Is there a link between the brain and mental illness?
Yes, “Researchers studying mental illness believe that abnormalities in how particular brain circuits function contribute to the development of many mental illnesses. Connections between nerve cells along certain pathways or circuits in the brain can lead to problems with how the brain processes information and may result in abnormal mood, thinking, perception, or behavior.”
- Mental illnesses, just like other illnesses, have a physiological cause
- Because mental illnesses have physiological causes, you cannot just “snap out of” a mental illness.
Though mental illness is frequently stigmatized in our society, it’s important to remember that mental illnesses are just as real and impactful as physical illnesses like cancer, diabetes, and heart disease. Despite what society may believe, mental health challenges are not signs of weakness, instability, or moral failing. In fact, mental illness can have a real impact on our bodies, including directly affecting the functioning of our brains, just like physical illness can affect the functioning of other vital organs like our heart and lungs.
Good mental health
Good mental health is an essential part of our overall well being, but not that many years ago mental health issues were thought of by many as something that was all in the mind. And while we know now that the mind is as important for health as the body, back then saying something was all in your mind was simply another way of saying you were probably imagining it.
Thank goodness, then, for the discoveries scientists have made in more recent years about the causes of mental health problems, including the biological processes in the brain that are affected when someone has a mental illness.
As the organ most responsible for our behavior, decision making, and emotions, our brain is directly impacted by mental illness. But as scientists continue research into the human brain, they have found evidence that mental illness may cause or worsen existing disruptions to the way the brain works, and in some cases, even the way the brain is structured. In other words, while we still don’t know exactly why some mental illnesses occur the way they do, we have much greater insight today than ever before into the relationship between our brain’s chemistry and our mental health.
One example where scientists see neurotransmitters affecting our mental health is in the brains of people with depression. According to the National Institutes of Health, people with depression have lower amounts of serotonin pass between their neurons than people who are not depressed. This is why antidepressants (specifically medications called selective serotonin reuptake inhibitors, or SSRIs) often increase the level of serotonin present in the brain. Here is a diagram of what this process looks like.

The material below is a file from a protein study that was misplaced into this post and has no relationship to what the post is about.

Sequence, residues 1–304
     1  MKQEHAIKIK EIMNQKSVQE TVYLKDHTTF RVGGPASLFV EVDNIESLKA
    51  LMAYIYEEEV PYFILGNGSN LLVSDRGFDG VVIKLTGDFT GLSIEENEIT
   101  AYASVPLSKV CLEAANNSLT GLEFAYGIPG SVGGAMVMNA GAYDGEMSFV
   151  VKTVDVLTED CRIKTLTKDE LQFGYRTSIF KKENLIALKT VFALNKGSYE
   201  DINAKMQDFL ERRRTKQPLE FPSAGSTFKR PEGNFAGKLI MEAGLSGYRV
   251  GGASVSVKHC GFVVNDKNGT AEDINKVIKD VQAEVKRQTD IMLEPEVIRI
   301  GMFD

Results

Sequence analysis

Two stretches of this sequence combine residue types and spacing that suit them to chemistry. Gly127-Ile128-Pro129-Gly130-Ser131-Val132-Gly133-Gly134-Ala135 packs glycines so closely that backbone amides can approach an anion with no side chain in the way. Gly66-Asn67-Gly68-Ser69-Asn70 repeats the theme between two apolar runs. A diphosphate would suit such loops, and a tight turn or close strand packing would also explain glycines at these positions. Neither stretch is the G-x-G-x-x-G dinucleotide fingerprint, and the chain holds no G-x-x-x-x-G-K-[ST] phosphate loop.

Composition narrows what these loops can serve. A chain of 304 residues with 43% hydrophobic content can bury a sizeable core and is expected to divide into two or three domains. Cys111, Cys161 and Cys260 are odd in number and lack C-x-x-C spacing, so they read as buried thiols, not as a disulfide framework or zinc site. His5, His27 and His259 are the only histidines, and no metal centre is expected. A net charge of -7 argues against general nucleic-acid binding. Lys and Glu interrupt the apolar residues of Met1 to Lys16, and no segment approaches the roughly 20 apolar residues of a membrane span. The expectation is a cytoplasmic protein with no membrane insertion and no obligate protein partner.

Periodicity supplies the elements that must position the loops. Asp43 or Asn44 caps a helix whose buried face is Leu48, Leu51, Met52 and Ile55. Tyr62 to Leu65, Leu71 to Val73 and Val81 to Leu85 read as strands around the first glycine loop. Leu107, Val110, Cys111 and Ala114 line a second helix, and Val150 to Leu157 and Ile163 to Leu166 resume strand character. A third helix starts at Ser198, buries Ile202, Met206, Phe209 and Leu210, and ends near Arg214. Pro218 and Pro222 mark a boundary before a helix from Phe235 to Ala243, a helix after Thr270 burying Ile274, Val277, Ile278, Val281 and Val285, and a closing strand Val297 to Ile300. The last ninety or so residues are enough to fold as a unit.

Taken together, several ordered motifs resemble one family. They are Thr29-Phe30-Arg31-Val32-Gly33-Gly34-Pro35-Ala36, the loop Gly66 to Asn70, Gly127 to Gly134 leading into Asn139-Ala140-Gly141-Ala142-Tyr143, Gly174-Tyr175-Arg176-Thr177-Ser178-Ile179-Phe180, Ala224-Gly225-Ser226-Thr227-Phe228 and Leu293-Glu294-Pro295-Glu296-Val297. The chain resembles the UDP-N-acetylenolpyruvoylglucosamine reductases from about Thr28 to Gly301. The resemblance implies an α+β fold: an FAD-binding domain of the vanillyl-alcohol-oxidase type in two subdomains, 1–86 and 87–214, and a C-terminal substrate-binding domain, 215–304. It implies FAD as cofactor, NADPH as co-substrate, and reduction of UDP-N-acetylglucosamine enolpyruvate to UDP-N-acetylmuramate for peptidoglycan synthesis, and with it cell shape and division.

Other mental health conditions that are also linked to the presence or absence of neurotransmitters include schizophrenia and post-traumatic stress disorder, both of which may be connected to neurotransmitters such as dopamine and norepinephrine. In the case of post-traumatic stress disorder, for example, researchers believe that individuals who suffer from “flashbacks” may also experience an increased level of norepinephrine alongside elevated heart rate and blood pressure.
In some cases, scientists believe that neurotransmitters are involved in mental illness, even if they don’t yet know exactly how. In the case of obsessive compulsive disorder, for example, doctors have seen improvement among patients who take a medication that increases the levels of serotonin and norepinephrine in the body. While this medication has helped patients decrease the number of times they engage in compulsive behavior, it doesn’t alleviate the obsession itself. For this reason, most doctors recommend a combination of medication and behavioral therapy for most mental illnesses.
In summary, when the brain has too much or too little of a particular neurotransmitter, individuals commonly experience mental health complications.
Though it’s difficult to say with absolute certainty that neurotransmitters are a leading cause of mental illness, researchers know that their presence or absence can greatly affect our mental health. Changing levels of many different neurotransmitters play a critical role in our mental health.
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